With Watkins, it’s too early to label the offensive lineman a bust, even if he turns 28 in two days. But in his first 18 games, the guard has shown little to suggest he is of Pro Bowl caliber, which is the bar teams often set for interior linemen selected so high.
Adding intrigue to Watkins’ standing is an ankle that Reid called “chronic” Oct. 26 after he missed his first two practices of the season because of the injury. Reid said it was an injury Watkins had for years, one he said he knew about before the draft.
“This will pass here,” Reid said Thursday. “It’s not where it’s going to be career-ending.”
Both of Watkins’ agents were asked if they knew of a chronic ankle.
“First I ever heard of it,” said Joe Panos, a former Eagles offensive lineman.
“I recall Danny had a completely clean medical,” Eric Metz said in an e-mail, “which contributed to so many clubs giving him a first-round grade.”
Watkins declined to answer questions about his ankle, he said Friday, because “coach doesn’t want us talking about injuries.”
Earlier Friday, Reid said that he chose the wrong word — chronic, “marked by long duration or frequent recurrence,” as defined by Webster’s — in describing the ankle. He said that Watkins had a history of ankle injuries — two sprains on each leg while in college.
But Watkins had more than just ankle sprains in college, according to a source within the Baylor University program. He had a broken bone in one of his ankles during his senior season. Watkins hardly practiced during the week, but didn’t miss a game, the source said. The injury went unreported.
The Eagles had no comment on Watkins’ broken bone.
Watkins started in all 25 games during his two years at Baylor University. He played in 22 of 23 games at Butte (Calif.) Junior College. There had never been any mention of his having an ankle injury until Oct. 25, when he sat out practice.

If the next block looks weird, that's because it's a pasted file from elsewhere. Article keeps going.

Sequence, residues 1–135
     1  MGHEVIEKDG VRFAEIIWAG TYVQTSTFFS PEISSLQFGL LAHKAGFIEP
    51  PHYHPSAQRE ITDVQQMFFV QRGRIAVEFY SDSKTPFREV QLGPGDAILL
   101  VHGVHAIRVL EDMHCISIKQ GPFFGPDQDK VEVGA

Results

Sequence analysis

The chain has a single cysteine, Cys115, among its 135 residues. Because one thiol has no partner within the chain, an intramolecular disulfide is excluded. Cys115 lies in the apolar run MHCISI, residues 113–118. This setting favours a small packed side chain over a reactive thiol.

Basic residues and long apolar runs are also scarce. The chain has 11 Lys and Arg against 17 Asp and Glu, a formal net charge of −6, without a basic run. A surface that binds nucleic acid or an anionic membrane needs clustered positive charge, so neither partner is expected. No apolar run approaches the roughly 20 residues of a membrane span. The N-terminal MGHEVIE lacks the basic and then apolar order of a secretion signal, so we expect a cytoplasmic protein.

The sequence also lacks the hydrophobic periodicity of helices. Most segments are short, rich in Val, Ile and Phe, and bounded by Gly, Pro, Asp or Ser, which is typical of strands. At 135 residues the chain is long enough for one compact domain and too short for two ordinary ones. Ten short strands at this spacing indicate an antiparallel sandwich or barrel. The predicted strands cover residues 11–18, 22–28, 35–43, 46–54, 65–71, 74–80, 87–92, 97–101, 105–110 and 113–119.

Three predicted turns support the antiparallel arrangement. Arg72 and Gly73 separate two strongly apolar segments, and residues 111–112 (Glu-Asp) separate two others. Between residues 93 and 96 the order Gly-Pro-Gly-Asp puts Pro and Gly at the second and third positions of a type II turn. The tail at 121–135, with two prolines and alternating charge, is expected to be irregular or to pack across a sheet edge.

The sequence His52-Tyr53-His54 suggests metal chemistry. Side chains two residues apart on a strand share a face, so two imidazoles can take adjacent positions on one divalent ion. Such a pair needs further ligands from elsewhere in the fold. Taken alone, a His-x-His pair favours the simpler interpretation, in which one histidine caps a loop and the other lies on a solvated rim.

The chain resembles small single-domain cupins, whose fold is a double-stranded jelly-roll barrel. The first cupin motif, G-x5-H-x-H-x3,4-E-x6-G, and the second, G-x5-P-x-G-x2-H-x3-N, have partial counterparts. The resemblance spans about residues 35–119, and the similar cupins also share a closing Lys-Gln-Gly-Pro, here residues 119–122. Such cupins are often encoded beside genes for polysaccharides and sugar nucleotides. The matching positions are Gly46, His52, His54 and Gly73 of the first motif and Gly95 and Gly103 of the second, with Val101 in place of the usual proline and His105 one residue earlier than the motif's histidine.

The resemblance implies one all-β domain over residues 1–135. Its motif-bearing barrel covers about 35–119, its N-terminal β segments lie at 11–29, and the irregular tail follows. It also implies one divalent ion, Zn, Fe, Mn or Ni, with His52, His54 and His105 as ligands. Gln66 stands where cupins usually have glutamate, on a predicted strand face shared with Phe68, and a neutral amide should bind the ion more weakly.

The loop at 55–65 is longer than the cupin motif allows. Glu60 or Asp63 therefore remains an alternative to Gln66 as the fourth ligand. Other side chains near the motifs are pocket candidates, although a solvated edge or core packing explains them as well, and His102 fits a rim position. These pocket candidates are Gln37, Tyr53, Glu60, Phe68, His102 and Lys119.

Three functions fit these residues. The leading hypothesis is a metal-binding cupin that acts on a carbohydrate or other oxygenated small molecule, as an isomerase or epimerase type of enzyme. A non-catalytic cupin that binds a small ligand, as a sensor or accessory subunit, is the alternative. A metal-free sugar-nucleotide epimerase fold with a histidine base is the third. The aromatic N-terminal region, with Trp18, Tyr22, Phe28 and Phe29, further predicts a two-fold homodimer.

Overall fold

Reid said Watkins first “tweaked” his ankle during the Lions game Oct. 14. He said the guard played with the injury. The Detroit game, in which the Eagles blew a 10-point with five minutes to play, has been cited as a low point for Watkins and the offensive line.
Reid didn’t mention Watkins’ injury after the game or the Monday after, although he isn’t required by the league. The Eagles, after the bye week, didn’t resume practice until Oct. 22. Watkins practiced, according to Reid, although it was a light workout.
He practiced again Oct. 24 but was listed on the injury report with an “ankle,” although he was deemed a full participant. Watkins was then held out the next two days after Reid said the ankle wasn’t feeling right on Oct. 25.
“I really don’t know [what happened], to tell you the truth,” Watkins said Friday. “I can’t start practicing and then we went in and looked at it and they said, ‘Yeah, you [injured] your ankle.’”
Watkins had been listed as doubtful for Sunday’s game against the Falcons and rookie Dennis Kelly started in his place. Kelly will earn his second career start on Monday night in New Orleans. Watkins was listed as out.
Reid was asked Thursday if Watkins would retain his starting position when he returns from injury, but the coach gave an ambiguous answer. “We’ll see how he feels once he gets in there,” he said.
Because Kelly was competent against Atlanta — with the assistance of a game plan that featured quick throws — some have celebrated the possible end of Watkins’ run at right guard. He has struggled. Pro Football Focus ranks him 51st out of the 57 guards in pass-blocking.
But to cheer Watkins’ demise would be missing the big picture — that the Eagles appear to have wasted another first-round pick and are paying the price. A fifth-round rookie like Kelly shouldn’t start ahead of a top pick in his second season.
Watkins was projected by many analysts to be a late- first- to early-second-round pick before the draft. Sports Illustrated’s Peter King predicted Watkins would go the Eagles with the 26th overall selection, which is where the Birds picked him.
But there were obvious concerns. Watkins had played football for only four years, first picking up the game when he attended Butte to study fire sciences. The Eagles also wanted to move him from left tackle to right guard, and to do so while learning Howard Mudd’s new blocking technique.
By the end of last season, Watkins appeared to be progressing. The line was clicking. But then Jason Peters ruptured his Achilles and Jason Kelce tore his ACL, and the entire unit — not just Watkins — became inconsistent.
But the firefighter was supposed to be an anchor. Instead, he’s dragging Reid to the bottom, along with a number of the coach’s dubious draft picks.
If Watkins doesn’t start sometime soon, either because of the injury or a benching, it could be interpreted as Reid’s cutting the Canadian loose to save himself.
Mistakes are orphans, but that would own up to a blunder — whoever’s it is.
Contact Jeff McLane at firstname.lastname@example.org or on Twitter @Jeff_McLane.